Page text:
Black Jack Battlefield and Nature Park Entrance gate Baldwin Kate is heading the effort to create a hand-forged gate at the Black Jack Battlefield and Nature Park commemorating the spot where John Brown and his followers fought a pro-slavery militia in 1856. Two blacksmiths from England, Terrence Clark and Peter Parkinson, led a group of blacksmiths and four young artists from the Van Go Mobile Arts program to work on the gate for nearly a month this spring to begin the forging. Project leaders are raising funds to complete the gate. The blacksmiths used a large forge space at Kraft Tool in Shawnee for part of their work. Robert Evans of Shaped Steel in Liberty, Missouri, has donated the 2,000 pounds of steel needed for the gate. More information about the Black Jack Battlefield can be found at www.blackjackbattlefield.org.

Corpus Christi Catholic Church door handles, cross, screen and interior, 6001 Bob Billings Parkway

Lawrence Community Nursery School railing, 645 Alabama St.

Kate worked closely with Walt Hull, who was the designer of this project, to create much of the ironwork at Corpus Christi Catholic Church. She particularly enjoyed working on the church screen. “I got to do lots of sledgehammering. I love to do sledgehammering.” The task is really a duet between two people. Picture the blacksmiths, working in tandem. One, the master, determines the position of the blow, then the assistant lands the actual blows. There they are: The assistant swings, the sledgehammer strikes, the master makes a small adjustment by turning the piece. A strike, a turn and on and on in shared rhythm.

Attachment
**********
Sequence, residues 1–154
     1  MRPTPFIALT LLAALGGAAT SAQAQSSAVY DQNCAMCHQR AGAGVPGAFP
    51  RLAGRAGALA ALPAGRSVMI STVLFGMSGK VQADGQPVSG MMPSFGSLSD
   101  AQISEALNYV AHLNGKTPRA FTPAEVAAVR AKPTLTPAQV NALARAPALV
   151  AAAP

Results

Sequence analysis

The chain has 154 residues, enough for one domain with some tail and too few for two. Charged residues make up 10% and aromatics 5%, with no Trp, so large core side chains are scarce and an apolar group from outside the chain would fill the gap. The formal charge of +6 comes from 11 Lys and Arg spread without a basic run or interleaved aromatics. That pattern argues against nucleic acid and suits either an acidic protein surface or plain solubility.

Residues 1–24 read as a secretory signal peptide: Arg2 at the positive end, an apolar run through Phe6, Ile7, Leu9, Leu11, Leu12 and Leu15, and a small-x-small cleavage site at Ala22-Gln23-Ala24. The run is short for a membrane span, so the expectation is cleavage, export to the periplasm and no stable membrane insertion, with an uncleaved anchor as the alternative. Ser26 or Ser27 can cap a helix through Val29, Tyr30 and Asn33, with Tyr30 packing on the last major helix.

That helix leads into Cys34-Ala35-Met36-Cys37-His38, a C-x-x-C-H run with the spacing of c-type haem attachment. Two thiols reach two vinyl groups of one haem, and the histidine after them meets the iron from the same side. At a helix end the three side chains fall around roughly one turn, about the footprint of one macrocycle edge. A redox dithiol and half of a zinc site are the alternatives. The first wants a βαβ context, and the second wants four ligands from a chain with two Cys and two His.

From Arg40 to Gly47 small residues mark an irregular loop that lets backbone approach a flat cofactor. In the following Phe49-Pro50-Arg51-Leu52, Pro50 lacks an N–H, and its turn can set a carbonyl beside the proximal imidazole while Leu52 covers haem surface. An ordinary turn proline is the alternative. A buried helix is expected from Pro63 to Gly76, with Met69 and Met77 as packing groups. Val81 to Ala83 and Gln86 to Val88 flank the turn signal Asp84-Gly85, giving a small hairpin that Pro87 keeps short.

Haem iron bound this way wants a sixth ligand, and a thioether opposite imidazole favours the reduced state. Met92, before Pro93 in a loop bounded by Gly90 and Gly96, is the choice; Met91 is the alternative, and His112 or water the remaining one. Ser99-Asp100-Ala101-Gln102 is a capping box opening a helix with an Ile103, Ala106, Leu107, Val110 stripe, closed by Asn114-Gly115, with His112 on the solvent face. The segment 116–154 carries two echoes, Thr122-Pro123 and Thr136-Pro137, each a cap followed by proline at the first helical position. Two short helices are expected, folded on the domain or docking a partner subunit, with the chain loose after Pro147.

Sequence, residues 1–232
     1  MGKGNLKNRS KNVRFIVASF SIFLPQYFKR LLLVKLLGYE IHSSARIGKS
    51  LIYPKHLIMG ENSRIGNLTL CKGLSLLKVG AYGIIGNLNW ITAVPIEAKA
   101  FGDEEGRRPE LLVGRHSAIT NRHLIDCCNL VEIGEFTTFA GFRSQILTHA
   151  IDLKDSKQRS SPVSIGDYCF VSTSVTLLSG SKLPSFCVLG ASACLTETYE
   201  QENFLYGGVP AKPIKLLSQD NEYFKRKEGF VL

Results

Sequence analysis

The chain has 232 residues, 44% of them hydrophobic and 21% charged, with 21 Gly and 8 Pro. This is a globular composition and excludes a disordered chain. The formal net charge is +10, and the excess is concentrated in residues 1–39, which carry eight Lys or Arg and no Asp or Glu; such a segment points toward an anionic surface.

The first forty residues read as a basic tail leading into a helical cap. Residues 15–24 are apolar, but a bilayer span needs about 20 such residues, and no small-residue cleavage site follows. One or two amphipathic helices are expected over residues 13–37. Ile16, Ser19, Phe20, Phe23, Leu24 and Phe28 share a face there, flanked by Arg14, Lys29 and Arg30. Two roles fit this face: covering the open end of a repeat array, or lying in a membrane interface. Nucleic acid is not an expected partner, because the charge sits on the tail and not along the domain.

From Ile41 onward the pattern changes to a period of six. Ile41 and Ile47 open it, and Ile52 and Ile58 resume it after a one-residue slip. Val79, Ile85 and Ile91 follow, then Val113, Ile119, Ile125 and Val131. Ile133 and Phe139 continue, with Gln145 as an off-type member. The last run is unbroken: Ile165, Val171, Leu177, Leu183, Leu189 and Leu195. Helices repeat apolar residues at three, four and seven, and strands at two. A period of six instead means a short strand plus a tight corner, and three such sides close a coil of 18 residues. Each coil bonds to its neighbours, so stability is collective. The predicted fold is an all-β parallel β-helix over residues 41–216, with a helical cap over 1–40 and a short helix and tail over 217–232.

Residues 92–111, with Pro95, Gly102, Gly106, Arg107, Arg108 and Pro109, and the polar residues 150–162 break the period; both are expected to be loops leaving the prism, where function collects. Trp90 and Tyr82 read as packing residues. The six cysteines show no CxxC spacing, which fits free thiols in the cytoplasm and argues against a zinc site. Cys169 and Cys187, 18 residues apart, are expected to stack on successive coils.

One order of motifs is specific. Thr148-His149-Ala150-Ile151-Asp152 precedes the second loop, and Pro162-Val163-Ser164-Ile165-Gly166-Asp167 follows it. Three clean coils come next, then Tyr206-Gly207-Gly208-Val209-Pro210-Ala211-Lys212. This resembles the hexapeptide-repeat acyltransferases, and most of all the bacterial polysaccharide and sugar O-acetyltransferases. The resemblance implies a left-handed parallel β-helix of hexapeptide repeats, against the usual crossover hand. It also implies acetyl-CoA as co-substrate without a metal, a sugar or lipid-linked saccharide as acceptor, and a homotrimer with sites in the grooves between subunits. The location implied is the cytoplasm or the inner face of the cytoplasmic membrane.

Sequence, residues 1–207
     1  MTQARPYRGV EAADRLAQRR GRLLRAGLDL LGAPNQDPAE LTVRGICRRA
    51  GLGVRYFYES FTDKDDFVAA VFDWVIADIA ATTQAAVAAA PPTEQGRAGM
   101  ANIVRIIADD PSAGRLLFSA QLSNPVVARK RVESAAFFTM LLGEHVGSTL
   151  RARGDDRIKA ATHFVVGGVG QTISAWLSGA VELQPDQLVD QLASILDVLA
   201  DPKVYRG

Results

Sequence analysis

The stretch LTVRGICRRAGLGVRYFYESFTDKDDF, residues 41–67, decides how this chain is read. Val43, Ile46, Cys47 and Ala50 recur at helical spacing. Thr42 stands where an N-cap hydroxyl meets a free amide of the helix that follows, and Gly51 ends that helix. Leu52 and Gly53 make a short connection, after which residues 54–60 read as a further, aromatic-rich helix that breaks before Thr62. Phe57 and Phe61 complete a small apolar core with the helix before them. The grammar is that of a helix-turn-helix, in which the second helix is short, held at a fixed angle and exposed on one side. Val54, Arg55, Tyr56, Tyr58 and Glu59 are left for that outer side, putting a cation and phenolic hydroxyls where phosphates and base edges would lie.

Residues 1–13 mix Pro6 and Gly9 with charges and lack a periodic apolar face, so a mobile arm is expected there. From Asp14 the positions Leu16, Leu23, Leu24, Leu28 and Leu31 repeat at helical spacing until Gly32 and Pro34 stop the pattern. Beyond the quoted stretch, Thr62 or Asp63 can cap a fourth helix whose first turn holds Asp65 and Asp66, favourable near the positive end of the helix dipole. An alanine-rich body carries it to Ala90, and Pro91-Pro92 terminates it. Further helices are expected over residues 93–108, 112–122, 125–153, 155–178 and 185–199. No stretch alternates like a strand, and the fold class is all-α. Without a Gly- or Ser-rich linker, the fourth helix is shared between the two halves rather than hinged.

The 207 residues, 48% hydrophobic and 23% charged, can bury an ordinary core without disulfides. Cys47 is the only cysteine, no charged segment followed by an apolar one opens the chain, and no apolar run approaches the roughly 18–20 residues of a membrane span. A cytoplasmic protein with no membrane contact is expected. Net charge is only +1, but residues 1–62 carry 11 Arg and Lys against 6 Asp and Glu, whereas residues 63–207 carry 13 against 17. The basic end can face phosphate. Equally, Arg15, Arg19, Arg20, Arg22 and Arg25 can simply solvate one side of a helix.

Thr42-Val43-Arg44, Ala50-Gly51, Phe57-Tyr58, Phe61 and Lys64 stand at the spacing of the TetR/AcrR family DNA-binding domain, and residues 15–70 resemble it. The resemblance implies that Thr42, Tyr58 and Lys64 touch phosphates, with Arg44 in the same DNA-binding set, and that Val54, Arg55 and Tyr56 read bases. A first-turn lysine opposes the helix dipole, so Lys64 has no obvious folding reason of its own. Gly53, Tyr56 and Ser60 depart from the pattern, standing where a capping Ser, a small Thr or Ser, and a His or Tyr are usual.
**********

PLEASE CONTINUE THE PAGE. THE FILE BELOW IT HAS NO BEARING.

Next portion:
Students at this primary school drew pictures of animals and flowers that Kate integrated into the final railing design. “It’s really cool,” says Kate. “I can go back and look at it and see what the kids did.”

sunflowerpub.com

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identity story by

/ Becky Bridson

photography by

/ jason dailey

“Best Burger” Recipe

While head basketball coach at Oral Roberts University, Barry Hinson developed and distributed these steps for great grilled hamburgers.

1. As always, the first thing is to select quality meat. I know it’s not the healthiest, but the best hamburger is ground chuck. It guarantees the meat will have flavor and is extremely juicy. There’s nothing worse than a dry hamburger. 2. When building your patties, don’t compact the meat. Every time you press them, it takes away from the juiciest patty. Pack it as loose as possible. 3. Much like when you cook a steak, you want to get your fire as hot as possible and sear each side of the hamburger (depending on the heat) to lock in the juices. 4. After searing, shut down your grill and let it bake the burger. 5. An old trick I learned a long time ago is to put an indention into the middle of each patty when you first make them. First cook the indented side facedown, and when you flip it put an ice cube in the indention. This is another way to cook your meat and keep it moist throughout the process. 6. Enjoy the best burger you’ll ever eat.

Coach BBQ Barry Hinson, the Jayhawks’ go-to grill guy, serves meat and wise thoughts for the KU men’s basketball team

Barry Hinson takes a break from his job as University of Kansas director of men’s basketball operations to cook up a mean barbecue.

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S